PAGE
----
Blackberry Victoria sponge

Blackberry Victoria sponge
When my fiancé turned up with a jar of homemade blackberry and apple jam, I just knew I was going to incorporate it into a cake somehow. And even though it didn’t feel like that long since I last made a Victoria sponge, I really wanted to make another one with blackberry jam instead of my usual strawberry – so here’s my blackberry Victoria sponge.

It’s just my normal Victoria sponge recipe with a different jam, so it feels like a bit of a cheat to blog about it, but it was so delicious! The jam was perhaps a little more subtle than the strawberry variety, but that might also have something to do with me being a little overenthusiastic with the buttercream…

Blackberry Victoria sponge
It’s well and truly blackberry season, so this would be a great cake to make if you have lots of blackberry jam on your hands. If you’re not in the habit of making your own jam, you could try making a thick blackberry compote to use instead, or even just slice up some fresh berries and toss them in a bit of sugar instead.

 

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Cream crackers

Cream crackersI think I must like baking a little too much when I reckon it’s less effort to make a batch of cream crackers than nip 5 minutes down the road to the shop to buy some! Seriously, that’s exactly what I did. I must be crackers (sorry).

As this was a bit of a spontaneous effort, I pretty much alighted on the first British recipe for cream crackers that I found online and went with it. I had a look at a couple of US recipes, but I was very confused by the addition of actual cream to the mix… I’m pretty sure that’s not required!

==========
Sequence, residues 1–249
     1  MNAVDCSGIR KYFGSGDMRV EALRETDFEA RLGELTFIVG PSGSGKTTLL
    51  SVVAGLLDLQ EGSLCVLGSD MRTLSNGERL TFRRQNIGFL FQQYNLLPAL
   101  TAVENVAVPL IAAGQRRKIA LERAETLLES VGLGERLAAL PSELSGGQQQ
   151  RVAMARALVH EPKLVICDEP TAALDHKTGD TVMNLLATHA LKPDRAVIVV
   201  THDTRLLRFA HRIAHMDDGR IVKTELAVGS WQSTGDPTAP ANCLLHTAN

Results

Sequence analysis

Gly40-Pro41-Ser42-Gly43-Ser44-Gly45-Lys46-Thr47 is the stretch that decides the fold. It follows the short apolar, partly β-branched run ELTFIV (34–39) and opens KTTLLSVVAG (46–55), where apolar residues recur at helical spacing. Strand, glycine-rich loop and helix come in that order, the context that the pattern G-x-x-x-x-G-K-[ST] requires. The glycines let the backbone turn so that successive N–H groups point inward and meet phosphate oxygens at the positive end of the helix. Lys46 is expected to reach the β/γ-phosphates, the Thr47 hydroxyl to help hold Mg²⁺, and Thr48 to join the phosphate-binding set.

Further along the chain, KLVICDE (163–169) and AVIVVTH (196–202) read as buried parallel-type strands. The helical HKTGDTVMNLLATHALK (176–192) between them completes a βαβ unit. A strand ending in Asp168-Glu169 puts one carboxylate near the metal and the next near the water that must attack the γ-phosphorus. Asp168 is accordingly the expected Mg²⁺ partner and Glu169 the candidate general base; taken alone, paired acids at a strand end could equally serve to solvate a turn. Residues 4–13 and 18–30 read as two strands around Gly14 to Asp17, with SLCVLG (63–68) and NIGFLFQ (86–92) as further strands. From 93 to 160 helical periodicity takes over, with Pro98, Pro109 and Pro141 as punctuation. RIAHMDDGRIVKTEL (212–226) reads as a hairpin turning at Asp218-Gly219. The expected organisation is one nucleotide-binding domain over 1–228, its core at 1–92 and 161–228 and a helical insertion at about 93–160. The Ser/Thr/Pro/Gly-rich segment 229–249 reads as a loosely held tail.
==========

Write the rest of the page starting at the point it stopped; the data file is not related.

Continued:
Cream crackers
The dough was pretty straightforward to make (although it was a little difficult getting the dough to flatten out), but I was a little flummoxed by the actual baking of the crackers. The recipe suggests that gas mark 4 is too low, so I baked the first batch at 5, but they were still a little doughy well after the baking time was up.

However, I hit the jackpot with the second batch – they went in at gas mark 6 and voila! Perfect cream crackers after 20 minutes of baking. I think it also helped that I’d tried to flatten the dough a bit more than with the first batch. The photo directly below is of the first batch, whereas the other photos in this post are of the second batch. I think you can see a definite difference between the two.

Cream crackers
I was actually really surprised by how much they tasted like shop-bought cream crackers. It’s definitely the quality of the butter and the seasoning that makes them so perfect, so be sure to use a decent butter and don’t forget the salt!

The recipe below is my version of the one I used, with tweaks to show what worked for me. Do get the dough as flat as you possibly can – it really does make a difference to the crispiness of the crackers.

Cream crackers
Cream crackers recipe

Based on this recipe

Makes around 25 crackers, depending on size and shape

  • 225g self-raising flour
  • 0.5 tsp salt
  • 55g good quality salted butter
  • Cold water

Method:

  1. Pre-heat the oven to gas mark 6/200C/180C fan. Line 1-2 baking trays with greaseproof paper.
  2. Sift the flour and salt into a bowl. Rub in the butter with your fingertips until the mix resembles fine breadcrumbs.
  3. Add the water a little at a time and mix until you end up with a manageable dough that’s not too sticky.
  4. On a floured surface, roll the dough into a rough oblong, making it as thin as possible.
  5. Mark the oblong lightly into three equal sections, fold one third over the middle and fold the opposite third on top. Turn the oblong 90 degrees and roll flat again before folding again.
  6. Repeat this process once more, keeping the dough as thin as you possibly can all the while.
  7. Trim any curved/rough edges with a knife, then cut the dough into squares or rectangles. Prick each one with a fork and transfer to the baking trays.